After last week’s indolent foray into shopping and theatre outings, this week I fell victim to a new writing enemy: THE FLU.
Out of nowhere, it hit me, like Michael Strahan mowing over slow-moving seniors at the Old Country Buffet. As I lay in bed, too sick to read, my household fell into shambles. Like a trooper, my husband confronted his fear of the kitchen and prepared three meals a day. My daughter appeared several times an hour, eyes wide and lower lip trembling as she told me, “But I don’t want to play with Daddy, Mommy. I need you.”
On Sunday, I finally emerged wobbly-legged from bed. As I surveyed the wreckage that can only happen when Mommy’s out of commission, I realized two discouraging things. One, I hadn’t done a lick of editing in days, sending my EdMo goals spiraling into the abyss. And two, with 20 people coming for Easter dinner and the house in a shambles, I wouldn’t have time until after the Lord had risen.
I don’t want to lapse into whininess, but I feel as though my EdMo was doomed from the start. I wanted to quit before I began, then, miraculously, things seemed too easy that first glowing week. Did I make the fatal mistake of wallowing in cockiness? Even after the indolent slacker week, I honestly thought I could recover. EdMo was a piece of cake, compared to the intensity or NaNoWriMo. All I had to do was fix the mess I’d already written.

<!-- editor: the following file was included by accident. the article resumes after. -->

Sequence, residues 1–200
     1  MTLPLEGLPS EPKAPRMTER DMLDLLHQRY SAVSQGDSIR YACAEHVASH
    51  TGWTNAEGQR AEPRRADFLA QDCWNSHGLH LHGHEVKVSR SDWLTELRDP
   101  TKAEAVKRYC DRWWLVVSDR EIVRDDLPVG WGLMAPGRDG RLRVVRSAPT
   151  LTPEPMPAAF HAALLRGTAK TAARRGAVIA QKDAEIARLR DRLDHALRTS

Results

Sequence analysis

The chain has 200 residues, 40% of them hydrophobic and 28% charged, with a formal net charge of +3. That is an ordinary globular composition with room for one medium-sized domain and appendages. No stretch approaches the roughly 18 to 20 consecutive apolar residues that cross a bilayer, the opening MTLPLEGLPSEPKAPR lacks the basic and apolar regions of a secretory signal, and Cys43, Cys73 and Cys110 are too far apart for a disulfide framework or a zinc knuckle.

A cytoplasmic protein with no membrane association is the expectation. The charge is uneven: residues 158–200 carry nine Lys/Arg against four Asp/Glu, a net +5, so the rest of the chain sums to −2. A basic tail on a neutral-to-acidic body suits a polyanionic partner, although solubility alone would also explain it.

And therein lies the rub.
The editing is the tough stuff. I knew that going in. Still, somehow, this thing slipped away from me, in spite of my good intentions.
So what now?
The way I see it, I have three choices:
1) give up and spend the rest of March feeling guilty and sorry for myself.
2) push forward, torpedoes be damned and let my in-laws eat egg salad sandwiches in our dustbunny-laden germ-hovel. Or,
3) do the thing I find hardest when it comes to my writing--compromise. Not on quality. Never on quality. But perhaps ease up a bit on quantity. Learn to live with it if I only edit 6 scenes instead of 8, fix 40 pages, instead of 50.
The thought of it galls me. I hate giving up and compromising feels like just that. But this is the part where I remind myself this isn’t about me. It’s about the writing, so I guess I have no choice. It’s time to step outside of myself, shut up and accept the fact I may have to eat a little crow. Anything's better than egg salad.
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